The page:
Today’s society is on the run. You grab a bite to eat, get coffee from your nearest take-out, and catnap between racing from one activity to another. As a mother I’ve often reassured myself with “Someday my life will be my own again.” But then I am running from school play, to band practice, to football games, to dance recitals, to scout meetings, to the P.T.A., etc., etc., etc.
When I think about my days B.C. (before children) and remember the long hours of silent meditation or deep conversation with adult friends, I wonder if mothers were doomed to a life of spiritual mediocrity—a prayer life, at best, of spurts and starts, jumps and jolts.
But perhaps that’s the prayer life best suited for today, an hour here, two minutes there, twenty minutes some other time catching God on the run during those loose ends and in-between places in our lives.
(Daily Meditations (with Scripture) for Busy Moms, Jan. l6)
So, mom, how’s your prayer life? How do you pray? And when you pray, who is it too? Who is this God? How do we find this God who is already looking for us? How do we come to know ourselves as loved?
Prayer is as natural as breathing. It is as essential to life, and as easy as breathing. Paul admonishes us to pray unceasingly. Thousands of books have been written on prayer, but far too often by religious, celibate men and women who have plenty of time and opportunity for a structured prayer life. This may give the impression that a deep prayer life is impossible for those of us caught amidst the throes of diaper changing, cooking meals, kissing booboos and running to the many activities and appointments that fill our lives.
My faith background is Roman Catholic. As a Catholic school girl, I learned that the calling to be a priest or religious was a higher calling than to married life. While this is no longer taught it was hard to overcome the impression that the only way to have a deep spiritual life was through long hours of prayer and extended retreat time, something impossible to do while raising children. And yet, I thought, God would never make anything this essential so impossible. Was it possible to have a deep prayer life in the midst of child rearing? Was it possible to find time when there is no time?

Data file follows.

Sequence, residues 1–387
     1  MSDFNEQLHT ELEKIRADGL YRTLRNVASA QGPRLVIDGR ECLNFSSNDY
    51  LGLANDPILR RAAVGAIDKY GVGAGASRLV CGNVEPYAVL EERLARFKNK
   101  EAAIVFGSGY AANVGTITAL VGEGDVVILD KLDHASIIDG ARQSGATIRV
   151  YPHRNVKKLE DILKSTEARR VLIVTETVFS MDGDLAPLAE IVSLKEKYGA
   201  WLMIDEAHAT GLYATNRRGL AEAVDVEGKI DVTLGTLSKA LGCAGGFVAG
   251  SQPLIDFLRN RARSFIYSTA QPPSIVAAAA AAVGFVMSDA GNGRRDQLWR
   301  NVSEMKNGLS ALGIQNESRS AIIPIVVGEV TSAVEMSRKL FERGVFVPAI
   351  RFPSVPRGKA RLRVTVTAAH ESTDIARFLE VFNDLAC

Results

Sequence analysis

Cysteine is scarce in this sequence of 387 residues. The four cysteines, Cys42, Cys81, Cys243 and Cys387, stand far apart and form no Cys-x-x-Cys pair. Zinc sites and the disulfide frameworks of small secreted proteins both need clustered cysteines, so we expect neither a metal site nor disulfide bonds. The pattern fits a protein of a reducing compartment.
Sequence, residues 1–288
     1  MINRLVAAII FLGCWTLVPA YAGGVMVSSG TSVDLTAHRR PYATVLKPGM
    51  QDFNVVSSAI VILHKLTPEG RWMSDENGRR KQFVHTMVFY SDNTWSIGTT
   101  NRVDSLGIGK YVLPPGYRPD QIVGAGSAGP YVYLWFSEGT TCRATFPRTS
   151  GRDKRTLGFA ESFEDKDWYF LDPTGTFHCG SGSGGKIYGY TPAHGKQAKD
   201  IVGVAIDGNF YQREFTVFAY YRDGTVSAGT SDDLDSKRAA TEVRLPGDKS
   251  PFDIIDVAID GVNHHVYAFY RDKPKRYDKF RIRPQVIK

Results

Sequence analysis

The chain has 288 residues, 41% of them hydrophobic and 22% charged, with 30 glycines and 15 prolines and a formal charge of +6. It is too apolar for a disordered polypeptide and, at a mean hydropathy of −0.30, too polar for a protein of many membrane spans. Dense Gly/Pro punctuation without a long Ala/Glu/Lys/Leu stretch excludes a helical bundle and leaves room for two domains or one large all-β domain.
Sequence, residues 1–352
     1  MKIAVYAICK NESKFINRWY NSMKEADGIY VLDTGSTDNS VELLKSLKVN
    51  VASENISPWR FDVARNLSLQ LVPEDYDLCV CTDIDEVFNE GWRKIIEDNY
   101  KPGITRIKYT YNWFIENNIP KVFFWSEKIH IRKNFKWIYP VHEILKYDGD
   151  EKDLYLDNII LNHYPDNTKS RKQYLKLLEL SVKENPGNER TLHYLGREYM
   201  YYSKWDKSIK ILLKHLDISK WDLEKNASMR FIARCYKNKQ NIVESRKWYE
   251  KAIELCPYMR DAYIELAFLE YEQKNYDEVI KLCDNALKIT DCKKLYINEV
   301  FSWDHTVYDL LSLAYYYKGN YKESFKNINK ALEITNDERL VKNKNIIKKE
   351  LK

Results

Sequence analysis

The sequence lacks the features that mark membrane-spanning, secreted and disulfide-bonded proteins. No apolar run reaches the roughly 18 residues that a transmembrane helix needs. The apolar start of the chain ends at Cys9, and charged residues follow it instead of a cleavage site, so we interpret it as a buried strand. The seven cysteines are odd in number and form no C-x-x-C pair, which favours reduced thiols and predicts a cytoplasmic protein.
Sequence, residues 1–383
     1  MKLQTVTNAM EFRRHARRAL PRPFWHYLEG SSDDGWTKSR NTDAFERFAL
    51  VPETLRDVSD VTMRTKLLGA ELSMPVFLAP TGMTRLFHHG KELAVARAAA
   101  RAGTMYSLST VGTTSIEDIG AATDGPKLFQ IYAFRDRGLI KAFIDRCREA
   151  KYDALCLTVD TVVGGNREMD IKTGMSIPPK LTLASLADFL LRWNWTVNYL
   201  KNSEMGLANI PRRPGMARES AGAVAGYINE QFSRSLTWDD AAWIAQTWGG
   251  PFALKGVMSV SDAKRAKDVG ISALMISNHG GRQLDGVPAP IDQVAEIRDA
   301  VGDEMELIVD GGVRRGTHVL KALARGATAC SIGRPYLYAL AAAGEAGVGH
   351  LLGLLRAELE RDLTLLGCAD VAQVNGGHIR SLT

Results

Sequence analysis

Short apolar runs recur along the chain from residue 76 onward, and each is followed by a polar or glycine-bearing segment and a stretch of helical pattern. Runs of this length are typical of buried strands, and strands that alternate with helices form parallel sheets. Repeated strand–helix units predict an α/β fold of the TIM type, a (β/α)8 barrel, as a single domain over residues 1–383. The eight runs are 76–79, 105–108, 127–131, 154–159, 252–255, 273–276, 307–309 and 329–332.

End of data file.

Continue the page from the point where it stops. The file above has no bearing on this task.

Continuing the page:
So I embarked on my own journey to find ways to pray that fit into my reality as a mom. I did not have time to read spiritual tomes, but I could squeeze in time for short reflections. Out of this came my book, Daily Meditations (with Scripture) for Busy Moms, (ACTA Publications), with short daily reflections that could be read on the run, with children underfoot, and help mothers recognize God’s presence in their life. I also developed a series of mini-retreats for moms which could be done in an hour to two hours, giving moms a break from their families yet not requiring them to go away for days at a time.
. . .
So, to answer my questions: yes, it is possible to have a deep prayer life in the midst of child rearing; and yes it is possible to find time when there is no time.
Moms and Prayer: Finding Time Where There Is No Time is available for 0.99, as are each of the other booklets in the series. Click on link to purchase!